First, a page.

SAN DIEGO (CNS) - The U.S. Capitol Police officer who fatally shot a San Diego woman during the Jan. 6 insurrection said in an interview broadcast Thursday he pulled the trigger as a "last resort."
In an interview with NBC News anchor Lester Holt where he publicly revealed his identity for the first time, Lt. Michael Byrd said, "I tried to wait as long as I could. I hoped and prayed no one tried to enter through those doors. But their failure to comply required me to take the appropriate action to save the lives of members of Congress and myself and my fellow officers."
Video shows Ashli Babbitt was climbing through the busted-out window of a door to the Speaker's Lobby when Byrd shot her.
Byrd, who said the shooting was his first in 28 years as a law enforcement officer, was cleared of potential criminal charges by the Department of Justice in April.
The USCP also announced earlier this week that he would not face internal discipline because his conduct "was lawful and within department policy."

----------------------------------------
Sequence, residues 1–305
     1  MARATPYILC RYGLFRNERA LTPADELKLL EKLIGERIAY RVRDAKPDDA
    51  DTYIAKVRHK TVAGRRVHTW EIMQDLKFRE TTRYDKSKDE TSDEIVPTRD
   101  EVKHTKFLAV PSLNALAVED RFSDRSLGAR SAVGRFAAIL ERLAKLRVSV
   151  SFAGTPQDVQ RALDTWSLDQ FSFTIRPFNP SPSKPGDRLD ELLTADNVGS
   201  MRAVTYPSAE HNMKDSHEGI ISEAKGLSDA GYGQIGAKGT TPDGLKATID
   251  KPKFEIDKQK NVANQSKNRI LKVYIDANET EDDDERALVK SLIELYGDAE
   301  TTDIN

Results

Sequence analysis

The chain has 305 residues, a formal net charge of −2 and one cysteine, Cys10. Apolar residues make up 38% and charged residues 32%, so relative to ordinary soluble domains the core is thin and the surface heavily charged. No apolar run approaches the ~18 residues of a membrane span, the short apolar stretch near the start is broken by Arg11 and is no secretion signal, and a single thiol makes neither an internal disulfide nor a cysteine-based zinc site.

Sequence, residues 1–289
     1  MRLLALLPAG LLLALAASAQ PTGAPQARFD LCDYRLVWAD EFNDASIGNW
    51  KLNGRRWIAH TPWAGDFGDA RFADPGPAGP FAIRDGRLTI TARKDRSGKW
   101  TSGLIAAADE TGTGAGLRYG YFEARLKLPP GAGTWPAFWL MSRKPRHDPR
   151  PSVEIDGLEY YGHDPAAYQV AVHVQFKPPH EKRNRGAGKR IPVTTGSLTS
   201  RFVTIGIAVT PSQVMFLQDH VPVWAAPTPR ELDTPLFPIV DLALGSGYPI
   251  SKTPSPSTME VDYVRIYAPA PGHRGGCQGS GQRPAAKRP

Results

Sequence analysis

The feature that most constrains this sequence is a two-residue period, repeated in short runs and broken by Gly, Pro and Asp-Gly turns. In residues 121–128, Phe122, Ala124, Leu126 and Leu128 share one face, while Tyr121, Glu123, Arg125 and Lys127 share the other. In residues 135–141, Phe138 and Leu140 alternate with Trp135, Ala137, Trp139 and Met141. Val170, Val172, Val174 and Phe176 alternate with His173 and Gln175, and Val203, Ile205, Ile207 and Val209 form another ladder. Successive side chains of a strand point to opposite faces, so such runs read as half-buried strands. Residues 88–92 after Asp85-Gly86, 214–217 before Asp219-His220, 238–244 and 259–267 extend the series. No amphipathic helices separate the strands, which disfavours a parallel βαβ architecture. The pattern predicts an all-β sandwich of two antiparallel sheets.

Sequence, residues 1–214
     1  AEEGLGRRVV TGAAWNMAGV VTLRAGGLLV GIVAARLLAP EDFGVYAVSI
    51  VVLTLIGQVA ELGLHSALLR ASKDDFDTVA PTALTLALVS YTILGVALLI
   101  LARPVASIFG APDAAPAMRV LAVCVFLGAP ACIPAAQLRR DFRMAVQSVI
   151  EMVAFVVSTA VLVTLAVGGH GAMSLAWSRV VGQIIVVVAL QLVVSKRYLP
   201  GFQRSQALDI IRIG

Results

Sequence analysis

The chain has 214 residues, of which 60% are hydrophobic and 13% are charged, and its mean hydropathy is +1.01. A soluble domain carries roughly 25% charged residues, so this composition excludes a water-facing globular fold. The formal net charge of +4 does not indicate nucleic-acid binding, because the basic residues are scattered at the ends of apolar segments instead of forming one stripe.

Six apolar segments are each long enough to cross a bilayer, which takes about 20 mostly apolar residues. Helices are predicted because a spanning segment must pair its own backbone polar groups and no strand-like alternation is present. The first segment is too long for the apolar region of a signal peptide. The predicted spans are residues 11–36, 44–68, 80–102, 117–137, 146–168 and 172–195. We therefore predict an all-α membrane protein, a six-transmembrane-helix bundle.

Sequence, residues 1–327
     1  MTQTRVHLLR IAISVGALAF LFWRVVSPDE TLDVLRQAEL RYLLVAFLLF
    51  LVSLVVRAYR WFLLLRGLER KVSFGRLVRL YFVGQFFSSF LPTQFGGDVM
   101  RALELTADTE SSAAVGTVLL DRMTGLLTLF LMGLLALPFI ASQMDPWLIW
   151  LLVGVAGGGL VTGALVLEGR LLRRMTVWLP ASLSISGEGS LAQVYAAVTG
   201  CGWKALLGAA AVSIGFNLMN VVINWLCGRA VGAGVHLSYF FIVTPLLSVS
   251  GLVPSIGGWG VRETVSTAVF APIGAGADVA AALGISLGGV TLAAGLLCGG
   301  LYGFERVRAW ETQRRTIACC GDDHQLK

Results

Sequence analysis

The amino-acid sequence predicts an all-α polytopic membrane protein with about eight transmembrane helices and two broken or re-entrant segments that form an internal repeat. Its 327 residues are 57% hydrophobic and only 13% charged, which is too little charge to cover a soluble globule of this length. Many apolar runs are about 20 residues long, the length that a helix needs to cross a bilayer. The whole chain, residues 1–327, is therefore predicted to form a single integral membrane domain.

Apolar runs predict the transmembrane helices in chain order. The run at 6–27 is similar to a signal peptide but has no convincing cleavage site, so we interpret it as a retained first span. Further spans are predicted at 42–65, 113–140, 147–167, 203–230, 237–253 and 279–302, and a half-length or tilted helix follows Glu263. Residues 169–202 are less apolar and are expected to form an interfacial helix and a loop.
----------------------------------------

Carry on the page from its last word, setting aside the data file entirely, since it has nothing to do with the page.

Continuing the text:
However, the agency did not release his name out of safety concerns -- saying, "This officer and the officer's family have been the subject of numerous credible and specific threats."
Byrd, who is Black, referenced death threats that have circulated since the shooting, as well as "racist attacks" he's received.
"It's all disheartening, because I know I was doing my job," he said.
Byrd said he's confident he acted correctly, saying "I know that day I saved countless lives. I know members of Congress, as well as my fellow officers and staff, were in jeopardy and in serious danger. And that's my job."
Babbitt, a 35-year-old 14-year Air Force veteran, was one of five people who died during the insurrection, including a police officer.
Babbitt's family has filed a lawsuit seeking records identifying the officer. An attorney representing the family also previously indicated he would be filing a wrongful death and excessive force lawsuit in connection with the shooting.